But such cultural Christians, like their Jewish counterparts, are not replacing themselves in the present generation; indeed, their numbers are steadily dwindling. And so for those readers who believe that the Bible is entirely trustworthy, Klinghoffer's book is both a cautionary tale and a useful provocation. What can Christians learn from Orthodox Jewish piety? A great deal, perhaps.
But for all that it will be difficult for Christian readers not to finish Klinghoffer's book with sadness, for his story includes a near conversion to Christianity, via a devout Catholic girlfriend. Close; but close doesn't count. And yet, so powerful is his sense of the God of the Psalms, the God of the Scriptures that Jews and Christians share in common, that I cannot help hoping that he and I and our fellow believers are praying to the same Father, who gathers us in with his triumphant love.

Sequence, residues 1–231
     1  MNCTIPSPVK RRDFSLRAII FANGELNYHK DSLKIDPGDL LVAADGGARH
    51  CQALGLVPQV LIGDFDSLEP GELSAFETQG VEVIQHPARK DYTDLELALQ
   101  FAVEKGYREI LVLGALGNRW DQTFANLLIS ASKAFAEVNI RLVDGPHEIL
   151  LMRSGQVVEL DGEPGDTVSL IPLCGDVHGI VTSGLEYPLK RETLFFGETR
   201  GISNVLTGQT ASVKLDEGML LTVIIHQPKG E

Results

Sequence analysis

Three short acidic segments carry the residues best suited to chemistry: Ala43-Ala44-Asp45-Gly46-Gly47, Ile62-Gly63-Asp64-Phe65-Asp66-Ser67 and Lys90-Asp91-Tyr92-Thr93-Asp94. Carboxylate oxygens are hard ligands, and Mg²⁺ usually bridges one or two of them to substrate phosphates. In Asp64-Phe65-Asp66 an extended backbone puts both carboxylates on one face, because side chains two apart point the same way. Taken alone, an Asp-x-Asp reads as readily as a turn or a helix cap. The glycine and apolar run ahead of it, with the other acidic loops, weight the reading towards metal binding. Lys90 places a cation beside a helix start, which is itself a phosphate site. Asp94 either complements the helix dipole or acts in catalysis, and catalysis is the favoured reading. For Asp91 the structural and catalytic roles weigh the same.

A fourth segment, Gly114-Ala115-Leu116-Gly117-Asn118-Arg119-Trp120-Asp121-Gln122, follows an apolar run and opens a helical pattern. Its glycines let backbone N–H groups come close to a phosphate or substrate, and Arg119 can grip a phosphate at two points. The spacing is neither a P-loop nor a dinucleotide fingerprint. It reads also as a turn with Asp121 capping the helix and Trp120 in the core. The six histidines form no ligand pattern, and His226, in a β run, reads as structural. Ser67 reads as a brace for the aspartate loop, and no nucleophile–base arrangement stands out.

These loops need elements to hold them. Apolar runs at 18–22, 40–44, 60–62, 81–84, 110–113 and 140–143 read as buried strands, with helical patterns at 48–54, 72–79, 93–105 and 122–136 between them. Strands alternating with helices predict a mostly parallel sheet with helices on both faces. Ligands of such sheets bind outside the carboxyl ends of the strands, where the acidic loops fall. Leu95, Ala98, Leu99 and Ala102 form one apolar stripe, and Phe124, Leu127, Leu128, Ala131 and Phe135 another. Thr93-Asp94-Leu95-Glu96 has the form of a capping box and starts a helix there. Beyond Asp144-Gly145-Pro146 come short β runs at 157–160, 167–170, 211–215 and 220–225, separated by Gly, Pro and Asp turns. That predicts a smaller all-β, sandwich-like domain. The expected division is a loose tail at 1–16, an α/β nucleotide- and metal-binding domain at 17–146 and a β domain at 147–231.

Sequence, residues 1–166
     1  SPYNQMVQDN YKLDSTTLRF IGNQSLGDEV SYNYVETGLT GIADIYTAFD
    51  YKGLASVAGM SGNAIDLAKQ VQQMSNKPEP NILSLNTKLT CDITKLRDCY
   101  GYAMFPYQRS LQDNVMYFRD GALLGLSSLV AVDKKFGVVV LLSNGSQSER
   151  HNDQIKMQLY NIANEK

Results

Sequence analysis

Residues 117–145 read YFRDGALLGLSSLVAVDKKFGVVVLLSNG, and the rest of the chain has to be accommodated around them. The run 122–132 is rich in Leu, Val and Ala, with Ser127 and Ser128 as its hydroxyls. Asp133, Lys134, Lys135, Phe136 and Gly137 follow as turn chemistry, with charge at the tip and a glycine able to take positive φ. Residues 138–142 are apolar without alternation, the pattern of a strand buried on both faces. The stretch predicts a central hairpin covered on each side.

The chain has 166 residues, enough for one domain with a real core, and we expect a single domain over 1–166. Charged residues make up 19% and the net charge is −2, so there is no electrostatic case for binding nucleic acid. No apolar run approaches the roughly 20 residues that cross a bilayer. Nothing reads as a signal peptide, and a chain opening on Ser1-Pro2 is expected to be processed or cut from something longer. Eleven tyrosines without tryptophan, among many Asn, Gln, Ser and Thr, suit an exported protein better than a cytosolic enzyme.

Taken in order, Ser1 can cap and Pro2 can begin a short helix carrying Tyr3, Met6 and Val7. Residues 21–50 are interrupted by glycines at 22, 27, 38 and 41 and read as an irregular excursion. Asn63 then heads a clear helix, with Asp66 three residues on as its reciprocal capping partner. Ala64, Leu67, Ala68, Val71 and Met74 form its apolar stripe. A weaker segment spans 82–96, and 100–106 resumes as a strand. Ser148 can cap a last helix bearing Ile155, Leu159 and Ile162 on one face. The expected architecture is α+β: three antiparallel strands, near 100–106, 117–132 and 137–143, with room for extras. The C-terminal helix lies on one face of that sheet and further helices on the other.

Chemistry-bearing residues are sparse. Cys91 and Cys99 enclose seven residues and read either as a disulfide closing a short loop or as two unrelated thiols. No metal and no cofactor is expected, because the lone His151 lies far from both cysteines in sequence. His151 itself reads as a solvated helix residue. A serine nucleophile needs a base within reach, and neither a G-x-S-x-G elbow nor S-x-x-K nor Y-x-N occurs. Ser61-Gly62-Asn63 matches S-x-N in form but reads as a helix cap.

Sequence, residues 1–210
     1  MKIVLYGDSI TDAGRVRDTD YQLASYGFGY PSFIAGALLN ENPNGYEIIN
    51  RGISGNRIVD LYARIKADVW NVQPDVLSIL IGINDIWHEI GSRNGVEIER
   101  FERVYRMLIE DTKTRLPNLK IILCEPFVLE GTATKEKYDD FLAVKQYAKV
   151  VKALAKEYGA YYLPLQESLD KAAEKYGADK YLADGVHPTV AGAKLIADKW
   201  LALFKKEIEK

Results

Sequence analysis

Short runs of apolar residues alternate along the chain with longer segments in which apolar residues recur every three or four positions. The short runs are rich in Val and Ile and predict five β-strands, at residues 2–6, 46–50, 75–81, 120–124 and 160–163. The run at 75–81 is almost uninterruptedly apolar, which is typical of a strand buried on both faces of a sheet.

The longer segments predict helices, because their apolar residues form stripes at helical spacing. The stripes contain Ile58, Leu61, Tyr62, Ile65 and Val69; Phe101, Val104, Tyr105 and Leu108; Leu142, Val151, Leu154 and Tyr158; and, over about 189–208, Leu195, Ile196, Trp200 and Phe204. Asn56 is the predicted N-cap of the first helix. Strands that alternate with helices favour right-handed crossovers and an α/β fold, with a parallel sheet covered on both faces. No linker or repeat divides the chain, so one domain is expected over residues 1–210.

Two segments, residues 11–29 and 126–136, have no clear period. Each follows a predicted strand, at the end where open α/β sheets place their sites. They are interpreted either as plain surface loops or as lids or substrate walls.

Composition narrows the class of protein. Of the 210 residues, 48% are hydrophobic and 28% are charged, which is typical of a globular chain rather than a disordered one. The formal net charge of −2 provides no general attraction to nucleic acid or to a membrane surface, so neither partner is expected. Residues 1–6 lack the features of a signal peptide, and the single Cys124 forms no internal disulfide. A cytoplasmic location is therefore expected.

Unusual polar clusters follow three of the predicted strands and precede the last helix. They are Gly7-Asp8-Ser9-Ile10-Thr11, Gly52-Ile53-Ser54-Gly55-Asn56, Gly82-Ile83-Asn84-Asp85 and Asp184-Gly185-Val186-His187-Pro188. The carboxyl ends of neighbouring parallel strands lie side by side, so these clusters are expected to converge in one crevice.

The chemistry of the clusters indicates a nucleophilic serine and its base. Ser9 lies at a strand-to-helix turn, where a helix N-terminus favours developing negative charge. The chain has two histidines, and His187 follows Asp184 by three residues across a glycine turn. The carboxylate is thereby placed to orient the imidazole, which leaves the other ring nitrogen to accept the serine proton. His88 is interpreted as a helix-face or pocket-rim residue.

What Time Is It?
At any given moment, a person's sense of time is a complex hierarchy. Most immediately there is an awareness of the ever-passing present. A little further up there is a sense of the time of day, the day of the week, the month (and the time within that month), the season, the year, the decade, the century. Those are the simple, common measures; any given mind has countless others. A sports fan's sense of time will be ordered in part by the overlapping seasons of various sports and the high points within those; a young couple in love will have a keen sense of how long it will be until they are together again. In 1999, the turn of the millennium approaches, and its nearness can be felt. And there is always, finally, one's sense of the curve of one's own life.